Time to finish with my reports about my trip to Sicily and the Aeolian Islands.
Next stop was Palermo, capital of the Sicily region. Despite its mafia (Cosa Nostra) reputation it was a most pleasant experience, a beautiful city with smiling people.
As all over Italy, there is a very short distance between a church and another. Here they are often magnificent, with a mixture of Byzantine, Arabic, Norman, Gothic, Baroque… architecture. The interior decoration is often overwhelming. This is the cathedral.
The "Piazza Pretoria" with its fountain (by Francesco Camilliani, 1530-86), originally created in Tuscany, but bought by Palermo and erected here in 1584 - in history often referred to as the “fountain of shame” because of the nudities - and its neighbour "Piazza Bellini" are surrounded by the town hall and a number of churches including the Martorama and the San Cataldo with its red cupolas.
Here are some examples of the interior decorations (don’t ask me which one in which church).
Another remarkable church is the 12th century "San Giovanni degli Erimiti", with its partial Arab influences.
The "Palazzo dei Normanni" was the royal palace for the Kings of Sicily (11the and 12th century). It houses the "Capalla Palatina" with some incredible mosaics.
A central place, referred to as "Quattro Canti" is surrounded by four similarly decorated 17th century buildings.
Here are some various photos, including of the opera house…
… and from more popular quarters …
… and from some night strolling.
Up the hills, overlooking Palermo is a little town, Monreale. Palermo was conquered by Arabs and became the capital of the Emirate of Sicily for some two hundred years, 9th – 11th centuries. Although it seems to have been a very tolerant regime, the Bishop of Palermo moved his seat here and when he moved back to Palermo, the Norman kings of Sicily, who took over after the Arabs, decided to build what was to become a cathedral - ready in 1182 - and the seat of the archbishop of Sicily. The interior, all in mosaics is a splendour.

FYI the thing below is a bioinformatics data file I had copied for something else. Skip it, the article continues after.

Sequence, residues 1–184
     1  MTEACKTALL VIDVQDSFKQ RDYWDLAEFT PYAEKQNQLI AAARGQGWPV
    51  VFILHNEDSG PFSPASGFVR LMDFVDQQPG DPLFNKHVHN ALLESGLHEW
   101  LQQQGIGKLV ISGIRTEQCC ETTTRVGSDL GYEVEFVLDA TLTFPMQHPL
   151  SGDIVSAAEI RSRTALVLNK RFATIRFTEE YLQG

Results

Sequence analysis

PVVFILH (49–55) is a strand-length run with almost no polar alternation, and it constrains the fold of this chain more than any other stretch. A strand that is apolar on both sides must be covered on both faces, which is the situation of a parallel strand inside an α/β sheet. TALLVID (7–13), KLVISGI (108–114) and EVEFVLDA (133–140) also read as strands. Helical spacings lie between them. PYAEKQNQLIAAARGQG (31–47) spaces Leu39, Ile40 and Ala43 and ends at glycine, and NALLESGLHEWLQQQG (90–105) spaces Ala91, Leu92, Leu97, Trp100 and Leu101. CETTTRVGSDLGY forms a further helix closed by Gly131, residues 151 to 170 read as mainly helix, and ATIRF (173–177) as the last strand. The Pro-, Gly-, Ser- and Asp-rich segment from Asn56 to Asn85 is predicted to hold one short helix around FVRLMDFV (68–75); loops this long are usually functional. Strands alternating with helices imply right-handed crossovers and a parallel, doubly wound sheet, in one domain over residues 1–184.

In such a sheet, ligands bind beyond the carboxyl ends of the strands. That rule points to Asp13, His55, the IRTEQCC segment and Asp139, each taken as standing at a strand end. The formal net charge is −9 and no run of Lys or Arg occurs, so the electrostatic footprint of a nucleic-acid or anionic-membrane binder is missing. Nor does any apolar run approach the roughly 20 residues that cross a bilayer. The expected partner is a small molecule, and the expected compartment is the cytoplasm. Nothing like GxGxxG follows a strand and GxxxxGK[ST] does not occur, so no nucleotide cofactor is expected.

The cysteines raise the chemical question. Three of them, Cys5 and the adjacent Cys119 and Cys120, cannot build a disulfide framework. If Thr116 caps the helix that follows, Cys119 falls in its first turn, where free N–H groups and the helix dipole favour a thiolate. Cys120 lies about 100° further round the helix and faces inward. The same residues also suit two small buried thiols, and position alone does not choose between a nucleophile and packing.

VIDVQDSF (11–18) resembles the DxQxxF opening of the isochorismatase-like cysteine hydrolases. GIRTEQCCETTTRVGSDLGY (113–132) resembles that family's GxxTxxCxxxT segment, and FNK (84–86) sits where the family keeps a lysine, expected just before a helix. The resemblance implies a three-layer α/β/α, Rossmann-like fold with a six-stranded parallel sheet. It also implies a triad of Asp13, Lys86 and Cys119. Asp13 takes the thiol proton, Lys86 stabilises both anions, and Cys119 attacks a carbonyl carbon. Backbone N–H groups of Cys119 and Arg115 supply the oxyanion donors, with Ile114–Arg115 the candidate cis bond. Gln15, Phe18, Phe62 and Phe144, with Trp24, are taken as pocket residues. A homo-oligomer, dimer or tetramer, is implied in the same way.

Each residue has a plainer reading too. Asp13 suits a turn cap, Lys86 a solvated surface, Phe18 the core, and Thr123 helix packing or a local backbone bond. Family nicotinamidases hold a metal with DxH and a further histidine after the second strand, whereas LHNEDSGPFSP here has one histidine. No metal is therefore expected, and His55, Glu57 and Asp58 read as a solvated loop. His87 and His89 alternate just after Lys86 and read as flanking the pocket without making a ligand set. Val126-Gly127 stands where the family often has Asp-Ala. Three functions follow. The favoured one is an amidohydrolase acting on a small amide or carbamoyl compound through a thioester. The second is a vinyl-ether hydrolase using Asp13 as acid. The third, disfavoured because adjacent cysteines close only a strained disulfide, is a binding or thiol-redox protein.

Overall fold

Back to the east coast with a visit to Taormina. The old village is situated some 250 m (800 ft) above sea level with some nice beaches which can be reached by cable cars. It’s today a leading tourist destination.
Once again, the present population was preceded by the Greek and the Romans. The “Teatro Greco” was modified by the Romans – the brick constructions. It’s beautifully situated with a view over Mount Etna (see also photo on top of the post).
My last destination was Catania, known for its seismic history, catastrophic earthquakes and several volcanic eruptions from Mount Etna. The present cathedral was rebuilt after an earthquake in 1693. When Sicily was under Arab rulers, the Emirate of Sicily, the town had the name of “Medinat-al-Fil” – the City of the Elephant. The elephant can be found on the Piazza Duomo. It was obviously sculpted of volcanic stone during Roman times. It later got to support a transplanted Egyptian obelisk. Whatever the history is about this elephant, it may be interesting to know that the prehistoric fauna of Sicily included dwarf elephants.
The city centre contains many beautiful buildings. There are some nice parks, churches, markets… and some other historical landmarks which I did not have time to visit.